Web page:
This week my great friend Chester Elton, New York Times best-selling author of All In, The Carrot Principle, and The Best Team Wins, asks me why I, unlike a lot of people he has met, feel over-appreciated at work or at home.
Part 2: Raise Your Hand If You Feel Over-Appreciated!
By Marshall Goldsmith
#1 bestselling author of the books, All In, The Carrot Principle, and The Best Team Wins, Chester Elton, is one of the most influential voices in our field today. He’s a member of our 100 Coaches organization, an expert on the topics of culture and the multigenerational workplace, and he is always trying to make the world a better place.
Last week Chester talked about recognition and this week he asks me my thoughts about the subject. I’m excited to share with you my perspective. Below is an excerpt from our interview.
Chester: Marshall, we were talking the other day about recognition, which is a big topic for me. I’ll often ask big audiences to “”Raise your hand. Does anybody here feel over-appreciated in their work or in their life?” No one ever raised their hand until I met you. You raised your hand. Tell me about that. Do you really feel over-appreciated?
Marshall: I do! I have a degree in math, and I’m not putting myself down, yet being ranked number one coach in the world 10 years in a world might be a tad excessive. The thing I feel about that, though, is I don’t feel bad about it. Let me explain why.
To me, if you’re over-appreciated, you might as well say, “Who’s good at personal marketing?” Because if you’re really good at personal marketing, you probably do get a little extra appreciation, and if you feel underappreciated, who’s bad at personal marketing? I think it’s okay to be good at personal marketing. It’s okay to be appreciated, and it’s okay to be over-appreciated.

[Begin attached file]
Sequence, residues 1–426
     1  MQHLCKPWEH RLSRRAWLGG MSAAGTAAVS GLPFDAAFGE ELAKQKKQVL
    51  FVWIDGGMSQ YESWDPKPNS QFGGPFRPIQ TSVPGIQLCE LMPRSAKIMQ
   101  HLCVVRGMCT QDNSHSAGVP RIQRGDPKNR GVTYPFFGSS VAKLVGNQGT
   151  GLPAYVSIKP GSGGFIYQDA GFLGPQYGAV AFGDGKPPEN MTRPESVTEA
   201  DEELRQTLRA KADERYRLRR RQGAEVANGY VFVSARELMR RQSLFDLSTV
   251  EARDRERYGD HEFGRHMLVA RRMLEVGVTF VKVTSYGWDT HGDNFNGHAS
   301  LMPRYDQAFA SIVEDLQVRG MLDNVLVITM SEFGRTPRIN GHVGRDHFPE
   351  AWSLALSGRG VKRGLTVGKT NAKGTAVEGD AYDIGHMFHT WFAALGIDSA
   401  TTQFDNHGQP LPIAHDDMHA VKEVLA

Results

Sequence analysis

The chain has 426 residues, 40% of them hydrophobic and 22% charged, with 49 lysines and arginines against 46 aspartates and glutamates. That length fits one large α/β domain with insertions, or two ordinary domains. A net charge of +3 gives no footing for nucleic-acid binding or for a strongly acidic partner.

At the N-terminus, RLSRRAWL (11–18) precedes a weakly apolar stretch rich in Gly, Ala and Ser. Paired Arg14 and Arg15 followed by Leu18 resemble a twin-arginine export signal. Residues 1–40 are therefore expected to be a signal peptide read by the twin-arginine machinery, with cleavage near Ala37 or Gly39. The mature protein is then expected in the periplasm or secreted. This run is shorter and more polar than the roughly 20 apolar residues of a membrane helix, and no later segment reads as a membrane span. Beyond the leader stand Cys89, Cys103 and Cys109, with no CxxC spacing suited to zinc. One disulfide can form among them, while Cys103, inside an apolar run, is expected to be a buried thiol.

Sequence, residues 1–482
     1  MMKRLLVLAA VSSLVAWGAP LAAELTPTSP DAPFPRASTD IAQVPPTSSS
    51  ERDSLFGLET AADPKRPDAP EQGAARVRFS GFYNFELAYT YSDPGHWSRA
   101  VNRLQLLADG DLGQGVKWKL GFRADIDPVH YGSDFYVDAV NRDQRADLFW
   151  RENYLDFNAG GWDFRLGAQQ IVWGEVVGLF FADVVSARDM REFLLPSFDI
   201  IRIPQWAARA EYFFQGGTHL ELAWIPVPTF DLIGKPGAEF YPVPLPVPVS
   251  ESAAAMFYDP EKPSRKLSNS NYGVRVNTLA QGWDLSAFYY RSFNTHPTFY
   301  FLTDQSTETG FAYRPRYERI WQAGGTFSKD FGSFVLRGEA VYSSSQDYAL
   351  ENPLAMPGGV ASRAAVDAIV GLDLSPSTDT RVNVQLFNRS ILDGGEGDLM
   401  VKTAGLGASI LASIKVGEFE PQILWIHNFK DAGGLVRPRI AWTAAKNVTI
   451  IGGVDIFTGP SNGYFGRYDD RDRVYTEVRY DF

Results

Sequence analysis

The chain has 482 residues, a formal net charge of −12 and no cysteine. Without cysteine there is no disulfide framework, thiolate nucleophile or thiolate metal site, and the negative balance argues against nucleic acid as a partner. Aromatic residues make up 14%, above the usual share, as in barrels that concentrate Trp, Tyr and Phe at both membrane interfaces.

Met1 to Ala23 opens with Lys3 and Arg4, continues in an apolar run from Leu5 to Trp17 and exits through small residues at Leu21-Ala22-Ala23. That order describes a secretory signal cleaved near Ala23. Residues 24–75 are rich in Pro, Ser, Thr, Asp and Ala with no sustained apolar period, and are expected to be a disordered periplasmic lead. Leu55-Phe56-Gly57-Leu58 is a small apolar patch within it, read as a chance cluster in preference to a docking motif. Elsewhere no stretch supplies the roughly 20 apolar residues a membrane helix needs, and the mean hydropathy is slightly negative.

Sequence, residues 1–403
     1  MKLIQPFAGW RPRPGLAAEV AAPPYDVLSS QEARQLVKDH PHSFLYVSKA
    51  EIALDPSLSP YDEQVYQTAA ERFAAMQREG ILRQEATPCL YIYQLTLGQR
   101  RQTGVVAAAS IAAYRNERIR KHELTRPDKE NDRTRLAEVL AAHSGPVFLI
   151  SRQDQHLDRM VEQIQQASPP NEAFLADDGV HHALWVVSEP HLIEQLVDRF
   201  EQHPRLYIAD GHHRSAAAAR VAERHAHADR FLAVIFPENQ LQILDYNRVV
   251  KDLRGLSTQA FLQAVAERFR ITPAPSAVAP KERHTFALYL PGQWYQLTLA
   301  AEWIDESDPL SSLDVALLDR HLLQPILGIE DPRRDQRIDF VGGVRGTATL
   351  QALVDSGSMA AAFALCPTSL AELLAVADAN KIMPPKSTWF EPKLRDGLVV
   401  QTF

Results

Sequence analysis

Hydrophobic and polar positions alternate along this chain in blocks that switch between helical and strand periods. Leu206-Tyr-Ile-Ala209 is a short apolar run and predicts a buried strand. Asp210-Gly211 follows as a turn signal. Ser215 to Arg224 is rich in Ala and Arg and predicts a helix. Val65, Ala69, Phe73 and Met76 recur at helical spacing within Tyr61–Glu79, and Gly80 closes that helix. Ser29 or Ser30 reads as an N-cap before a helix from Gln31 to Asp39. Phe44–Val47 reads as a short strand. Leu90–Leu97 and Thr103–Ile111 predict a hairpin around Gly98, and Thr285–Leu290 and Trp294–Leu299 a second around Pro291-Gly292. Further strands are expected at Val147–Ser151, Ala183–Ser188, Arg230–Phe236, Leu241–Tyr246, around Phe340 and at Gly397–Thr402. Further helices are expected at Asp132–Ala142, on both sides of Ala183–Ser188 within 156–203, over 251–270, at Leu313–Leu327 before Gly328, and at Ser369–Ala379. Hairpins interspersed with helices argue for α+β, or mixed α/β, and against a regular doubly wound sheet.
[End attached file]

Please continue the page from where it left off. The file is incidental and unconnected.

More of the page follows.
It shows that you’re doing a good job of developing your brand and personal marketing, In my new book with Sally Helgesen, How Women Rise, we talk about women’s issues. One we talk about is that many women have a hard time with self-promotion. They’re often too hard on themselves.
Chester: One thing I love about you, Marshall, is your humility, the way you talk about it so openly. It is interesting that there are times when we think, “Oh, no, no, no,” and shrink back from recognition. No, when you reflect or deflect people’s appreciation, it’s kind of insulting and you offend people inadvertently.
I love your MG100. I’m honored to be one of the members. What happens in those sessions to me is just so invigorating because so many people are appreciative of what everyone else does.
Marshall: Thank you. Thank you so much!